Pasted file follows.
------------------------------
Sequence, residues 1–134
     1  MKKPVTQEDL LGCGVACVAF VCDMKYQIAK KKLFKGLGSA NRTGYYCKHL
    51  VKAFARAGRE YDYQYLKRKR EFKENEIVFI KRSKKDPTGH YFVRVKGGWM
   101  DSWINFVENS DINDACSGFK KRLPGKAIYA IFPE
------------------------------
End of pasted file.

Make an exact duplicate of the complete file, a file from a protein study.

Sequence, residues 1–134
     1  MKKPVTQEDL LGCGVACVAF VCDMKYQIAK KKLFKGLGSA NRTGYYCKHL
    51  VKAFARAGRE YDYQYLKRKR EFKENEIVFI KRSKKDPTGH YFVRVKGGWM
   101  DSWINFVENS DINDACSGFK KRLPGKAIYA IFPE